“The NFL will make its investment. ... There’s a game being played where no one will take the first step. The reality is the NFL will put $200 million in … I believe the Chargers will put $200 million. So you get $400 million there. But I don’t think the city will invest in it and the taxpayers will embrace it if it’s not more than a ballpark,” Kratzer said. The campaign slogan for Petco Park was “more than a ballpark,” he said.
The Petco Park project was to be considered a success if it achieved $311 million in private development. According to Civic San Diego’s scorecard, the development value is up to about $1.7 billion, Kratzer said.
“I don’t think the city or the taxpayers are going to get comfortable as a practical matter investing in a football-only facility. But I think if you can start to demonstrate to them that it’s more than just a ballpark, that it’s more than a stadium, then they will,” Kratzer said.
He added that the hotel rooms in San Diego play a “huge role” in this. When the Super Bowl was held in Jacksonville, Fla., cruise ships were brought in to accommodate guests because they didn’t have the number of hotel rooms that San Diego has, Kratzer said.
Kratzer said Moores taught him to see how momentum could build around a grand vision, when all he saw were the obstacles. Kratzer saw the obstacles of entitlements and other legal challenges. Moores focused on the vision, and “as things started rolling, the obstacles fell down in front of us,” Kratzer said.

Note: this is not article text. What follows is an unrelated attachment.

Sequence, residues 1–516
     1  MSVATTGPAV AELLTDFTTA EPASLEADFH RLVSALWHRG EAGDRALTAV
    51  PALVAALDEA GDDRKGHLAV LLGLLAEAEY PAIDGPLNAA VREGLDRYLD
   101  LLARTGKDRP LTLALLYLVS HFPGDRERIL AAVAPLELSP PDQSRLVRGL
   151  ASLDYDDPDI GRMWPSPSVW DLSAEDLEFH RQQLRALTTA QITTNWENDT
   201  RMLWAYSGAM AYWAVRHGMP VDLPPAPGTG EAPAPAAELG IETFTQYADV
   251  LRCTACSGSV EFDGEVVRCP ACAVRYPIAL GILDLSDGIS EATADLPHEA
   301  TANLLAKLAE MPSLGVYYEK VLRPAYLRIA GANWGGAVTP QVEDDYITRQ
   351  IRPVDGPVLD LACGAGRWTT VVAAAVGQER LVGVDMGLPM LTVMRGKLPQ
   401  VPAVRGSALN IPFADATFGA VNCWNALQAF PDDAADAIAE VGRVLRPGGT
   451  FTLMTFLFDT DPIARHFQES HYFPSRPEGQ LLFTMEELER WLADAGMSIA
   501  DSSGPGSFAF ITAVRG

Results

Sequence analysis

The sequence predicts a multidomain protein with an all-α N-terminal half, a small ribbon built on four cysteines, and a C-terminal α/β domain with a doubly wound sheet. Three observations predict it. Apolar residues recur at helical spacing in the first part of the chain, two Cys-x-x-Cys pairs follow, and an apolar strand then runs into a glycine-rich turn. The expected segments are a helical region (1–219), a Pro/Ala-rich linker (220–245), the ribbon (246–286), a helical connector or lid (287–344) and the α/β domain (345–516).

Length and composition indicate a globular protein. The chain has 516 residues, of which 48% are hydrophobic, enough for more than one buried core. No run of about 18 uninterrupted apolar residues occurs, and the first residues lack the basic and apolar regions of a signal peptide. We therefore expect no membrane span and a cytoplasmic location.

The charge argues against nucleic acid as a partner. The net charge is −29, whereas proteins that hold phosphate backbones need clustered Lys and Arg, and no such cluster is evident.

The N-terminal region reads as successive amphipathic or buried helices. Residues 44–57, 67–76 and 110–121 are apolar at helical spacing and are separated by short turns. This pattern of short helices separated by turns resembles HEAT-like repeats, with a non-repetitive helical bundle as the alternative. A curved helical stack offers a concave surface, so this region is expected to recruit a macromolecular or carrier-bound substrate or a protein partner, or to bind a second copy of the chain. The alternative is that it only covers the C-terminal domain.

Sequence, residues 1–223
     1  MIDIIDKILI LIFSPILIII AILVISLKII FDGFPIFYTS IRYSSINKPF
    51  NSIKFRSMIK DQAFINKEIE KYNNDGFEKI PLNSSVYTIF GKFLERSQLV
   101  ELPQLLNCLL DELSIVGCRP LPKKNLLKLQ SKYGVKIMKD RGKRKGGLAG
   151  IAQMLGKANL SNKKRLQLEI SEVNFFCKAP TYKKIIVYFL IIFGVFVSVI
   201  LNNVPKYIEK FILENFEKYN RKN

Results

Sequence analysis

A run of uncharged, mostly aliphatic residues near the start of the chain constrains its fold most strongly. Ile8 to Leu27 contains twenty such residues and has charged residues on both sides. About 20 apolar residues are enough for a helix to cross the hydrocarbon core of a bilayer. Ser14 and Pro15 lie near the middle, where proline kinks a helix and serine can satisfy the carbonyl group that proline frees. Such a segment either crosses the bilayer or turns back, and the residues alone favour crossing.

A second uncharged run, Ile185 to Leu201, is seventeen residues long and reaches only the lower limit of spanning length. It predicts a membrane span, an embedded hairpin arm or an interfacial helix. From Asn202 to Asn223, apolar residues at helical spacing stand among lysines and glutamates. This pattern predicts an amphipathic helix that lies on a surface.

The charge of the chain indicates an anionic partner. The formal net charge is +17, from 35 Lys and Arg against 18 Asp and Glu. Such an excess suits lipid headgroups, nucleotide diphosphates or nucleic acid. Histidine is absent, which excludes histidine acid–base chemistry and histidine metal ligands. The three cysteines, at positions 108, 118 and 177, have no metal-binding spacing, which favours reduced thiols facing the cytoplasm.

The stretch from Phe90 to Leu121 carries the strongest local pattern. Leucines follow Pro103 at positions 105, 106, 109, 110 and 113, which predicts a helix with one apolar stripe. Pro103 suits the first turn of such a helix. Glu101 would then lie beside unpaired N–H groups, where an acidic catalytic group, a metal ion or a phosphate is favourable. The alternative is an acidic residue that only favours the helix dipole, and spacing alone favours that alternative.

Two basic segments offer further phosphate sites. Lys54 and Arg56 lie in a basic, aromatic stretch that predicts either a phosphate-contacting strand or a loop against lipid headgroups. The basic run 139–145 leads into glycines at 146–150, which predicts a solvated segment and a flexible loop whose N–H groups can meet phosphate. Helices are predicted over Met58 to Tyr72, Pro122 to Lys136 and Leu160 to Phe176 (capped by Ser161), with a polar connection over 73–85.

He said they were lucky that at the time residential development downtown was burgeoning, urban lifestyles were being rediscovered and it was clear that there was demand for hotels in the area.
If the private development hadn’t been successful, there wouldn’t have been a ballpark, Kratzer said. Kratzer was hired to work with Larry Lucchino, a situation that proved to be difficult as Kratzer said Lucchino thought he was in charge of the private development, and Kratzer had to ask the hard questions. The two have since resolved their differences.
Interaction with the community also helped the project succeed; in 1998 there were 184 public hearings. When the deal was cut with the city, Kratzer said they insisted upon a joint venture with a fairly high level of private control to act as private developers.
“What we all realized was that we could do stuff the city couldn’t do. We could make stuff happen procedurally much quicker than the city could,” Kratzer said.